This Land Was Made

Antoinette Crowe-Legacy. (Photo credit: Carol Rosegg)

Julian Elijah Martinez and Matthew Griffin. (Photo credit: Carol Rosegg)

By: Darryl Reilly

This bar is special to me.
I fell in love right there on that chair.
Got my heart broken at this table.
Wrote my first book in every inch of this place.
But, I’m getting ahead of myself.
Welcome to back in the day
where the sign outside say this here is Ms. Trish’s Bar.

So, begins playwright Tori Sampson’s ambitious, moving and eventful fantasia, This Land Was Made, which is structured as a memory play. Huey P. Newton (1942-1989) was a founder of the counterculture American activist organization, the Black Panthers. In October 1967, he was arrested for a police shooting that left an officer dead, his conviction was later overturned. Ms. Sampson offers an imaginary scenario where Newton is a central character, and that confrontation with law enforcement is searingly depicted. This Land Was Made dramatizes 1960’s Black life in Oakland, California, with all its generational and political conflicts.

Employed is the trusty theatrical device of setting the play in a bar, where a host of lively characters interact and come and go. Ms. Trish is the feisty owner who plans to sell it and return to back the South. Her free-spirited daughter, Sassy is a barber and an aspiring writer. She is the narrator, alternatively telling the story in the future and appearing in the past narrative. We learn that her younger brother was a soldier who was killed in Vietnam. Other figures around are a garrulous middle-aged owner of a car repair garage, a troubled male college student who is romancing Sassy, Sassy’s loquacious best female friend, a fiery young male who idolizes Muhammad Ali for battling the military draft, and menacing police officers.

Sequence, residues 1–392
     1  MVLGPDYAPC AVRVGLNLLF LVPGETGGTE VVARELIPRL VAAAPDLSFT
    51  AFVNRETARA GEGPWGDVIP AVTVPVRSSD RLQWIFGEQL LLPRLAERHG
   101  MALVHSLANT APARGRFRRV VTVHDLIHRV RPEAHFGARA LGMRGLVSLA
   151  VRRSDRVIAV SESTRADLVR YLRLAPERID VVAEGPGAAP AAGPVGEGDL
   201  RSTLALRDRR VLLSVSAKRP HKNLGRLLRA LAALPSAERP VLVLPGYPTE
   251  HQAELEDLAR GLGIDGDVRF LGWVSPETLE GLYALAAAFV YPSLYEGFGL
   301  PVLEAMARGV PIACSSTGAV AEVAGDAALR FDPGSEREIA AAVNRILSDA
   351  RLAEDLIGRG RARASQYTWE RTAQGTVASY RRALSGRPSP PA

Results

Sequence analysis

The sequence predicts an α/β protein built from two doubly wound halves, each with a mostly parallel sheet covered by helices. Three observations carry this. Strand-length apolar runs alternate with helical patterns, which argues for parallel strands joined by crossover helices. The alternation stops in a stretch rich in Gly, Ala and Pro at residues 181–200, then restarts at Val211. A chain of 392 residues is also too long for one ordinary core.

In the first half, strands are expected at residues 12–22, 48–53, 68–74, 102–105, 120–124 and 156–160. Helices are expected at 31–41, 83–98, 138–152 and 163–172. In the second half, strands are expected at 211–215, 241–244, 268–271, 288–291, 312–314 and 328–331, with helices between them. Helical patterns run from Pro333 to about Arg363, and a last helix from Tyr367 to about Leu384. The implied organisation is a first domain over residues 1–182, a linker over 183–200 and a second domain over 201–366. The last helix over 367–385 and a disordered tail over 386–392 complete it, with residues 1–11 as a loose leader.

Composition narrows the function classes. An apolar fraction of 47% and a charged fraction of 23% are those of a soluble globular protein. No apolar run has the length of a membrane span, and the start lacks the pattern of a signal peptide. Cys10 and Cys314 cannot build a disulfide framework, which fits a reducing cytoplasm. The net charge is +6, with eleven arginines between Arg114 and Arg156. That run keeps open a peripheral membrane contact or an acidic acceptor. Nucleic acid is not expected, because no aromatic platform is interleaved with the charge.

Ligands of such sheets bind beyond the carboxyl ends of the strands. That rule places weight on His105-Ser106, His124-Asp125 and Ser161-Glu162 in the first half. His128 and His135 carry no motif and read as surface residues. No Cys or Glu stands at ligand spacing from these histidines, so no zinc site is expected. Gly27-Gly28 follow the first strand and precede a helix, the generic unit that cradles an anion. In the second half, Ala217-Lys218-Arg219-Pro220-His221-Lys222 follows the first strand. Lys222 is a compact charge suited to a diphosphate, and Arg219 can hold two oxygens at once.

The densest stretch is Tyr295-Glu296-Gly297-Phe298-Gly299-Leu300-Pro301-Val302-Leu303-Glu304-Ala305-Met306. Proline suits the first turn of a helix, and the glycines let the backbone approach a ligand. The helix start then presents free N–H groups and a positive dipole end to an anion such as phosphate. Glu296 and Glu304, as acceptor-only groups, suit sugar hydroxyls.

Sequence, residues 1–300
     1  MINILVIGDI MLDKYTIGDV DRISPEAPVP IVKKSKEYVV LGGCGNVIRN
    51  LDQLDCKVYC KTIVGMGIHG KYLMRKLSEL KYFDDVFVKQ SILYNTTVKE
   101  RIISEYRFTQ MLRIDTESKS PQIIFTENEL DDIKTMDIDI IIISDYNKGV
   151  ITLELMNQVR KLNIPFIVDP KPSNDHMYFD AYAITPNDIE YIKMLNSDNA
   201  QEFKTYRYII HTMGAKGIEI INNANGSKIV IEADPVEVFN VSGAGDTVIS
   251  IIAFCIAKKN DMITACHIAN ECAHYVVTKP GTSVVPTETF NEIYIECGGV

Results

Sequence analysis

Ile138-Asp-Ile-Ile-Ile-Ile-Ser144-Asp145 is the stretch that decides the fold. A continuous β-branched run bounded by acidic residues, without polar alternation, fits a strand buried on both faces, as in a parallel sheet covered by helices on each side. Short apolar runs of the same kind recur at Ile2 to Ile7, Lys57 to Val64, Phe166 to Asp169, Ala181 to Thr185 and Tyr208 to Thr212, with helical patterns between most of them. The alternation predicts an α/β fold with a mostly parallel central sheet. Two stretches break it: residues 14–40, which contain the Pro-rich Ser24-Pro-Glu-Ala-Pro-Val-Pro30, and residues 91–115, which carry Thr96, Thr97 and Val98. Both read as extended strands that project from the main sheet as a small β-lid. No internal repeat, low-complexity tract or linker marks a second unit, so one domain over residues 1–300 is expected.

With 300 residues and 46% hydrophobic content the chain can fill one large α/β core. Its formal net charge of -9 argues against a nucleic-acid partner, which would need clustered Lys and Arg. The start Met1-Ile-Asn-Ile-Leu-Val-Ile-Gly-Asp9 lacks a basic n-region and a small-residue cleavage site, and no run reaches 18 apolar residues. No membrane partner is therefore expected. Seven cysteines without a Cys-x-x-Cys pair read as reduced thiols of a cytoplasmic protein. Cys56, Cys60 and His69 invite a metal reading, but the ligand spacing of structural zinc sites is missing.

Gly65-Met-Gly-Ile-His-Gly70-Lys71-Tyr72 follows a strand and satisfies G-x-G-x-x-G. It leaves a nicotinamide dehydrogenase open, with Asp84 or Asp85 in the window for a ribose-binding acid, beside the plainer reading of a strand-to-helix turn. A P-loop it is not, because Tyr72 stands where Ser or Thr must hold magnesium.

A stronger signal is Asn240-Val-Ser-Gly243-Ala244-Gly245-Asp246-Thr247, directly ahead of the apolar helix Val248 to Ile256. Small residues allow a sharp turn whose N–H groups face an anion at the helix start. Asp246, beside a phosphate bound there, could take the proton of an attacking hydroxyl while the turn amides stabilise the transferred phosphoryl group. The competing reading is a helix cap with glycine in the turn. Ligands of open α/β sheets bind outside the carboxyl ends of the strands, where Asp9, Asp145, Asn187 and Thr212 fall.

Libya V. Pugh, Julian Elijah Martinez, Leland Fowler and Ezra Knight. (Photo credit: Carol Rosegg)

Sampson richly delineates her appealing characters, the dialogue is eloquently earthy, plot threads are compelling, and a sense of history is ever present. This Land Was Made is presented in two acts with an intermission and it does contain portions where momentum wanes. Still, it is enchantingly realized for the stage by a superior production and its forceful cast.

Leland Fowler, Libya V. Pugh and Antoinette Crowe-Legacy. (Photo credit: Carol Rosegg)

The radiant Antoinette Crowe-Legacy’s sunny presence informs her magnetic characterization of Sassy. Libya V. Pugh captures Miss Trish’s humor, strength and conservatism, through her majestic portrayal. Matthew Griffin is soulful as the student in love with Sassy who gets in trouble with the Black Panthers. Animated Julian Elijah Martinez’s Huey P. Newton is an engaging take on that firebrand. Ezra Knight achieves comedic pathos during his commanding performance as the garage owner, especially when expressing paternal-style affection for Sassy. Leland Fowler scores as the rambunctious mascot. The alluring Yasha Jackson is vividly outgoing as Sassy’s best friend. Making strong impressions in their subsidiary roles are Curt Morlaye as a youthful Black Panther, and Sean Patrick Higgins and Oliver Palmer as police officers.

Yasha Jackson and Libya V. Pugh. (Photo credit: Carol Rosegg)

Director Taylor Reynolds’ successful staging melds these performances with the production elements for a kinetic presentation. Scene designer Wilson Chin’s gloriously detailed bar set is perfection. Angry red hues and moody darkness characterizes Adam Honoré’s eclectic lighting design which visually evoke the shifting time periods and complements the actions. Music, gunfire and other effects are realized by Fan Zhang’s vibrant sound design. The authenticity of costume designer Dominique Fawn Hill 1960’s-style clothing is magnified by Nikiya Mathis grand wig and hair design.

The play’s knowing title references Woody Guthrie’s 1940 sarcastic song, “This Land Is Your Land”; it counters Irving Berlin’s sentimental “God Bless America.” This Land Was Made cogently blends the personal with the historical for an involving experience.

This Land Was Made (through June 25, 2023)
Vineyard Theatre, 108 East 15th Street, in Manhattan
For tickets, visit
Running time: two hours including one intermission


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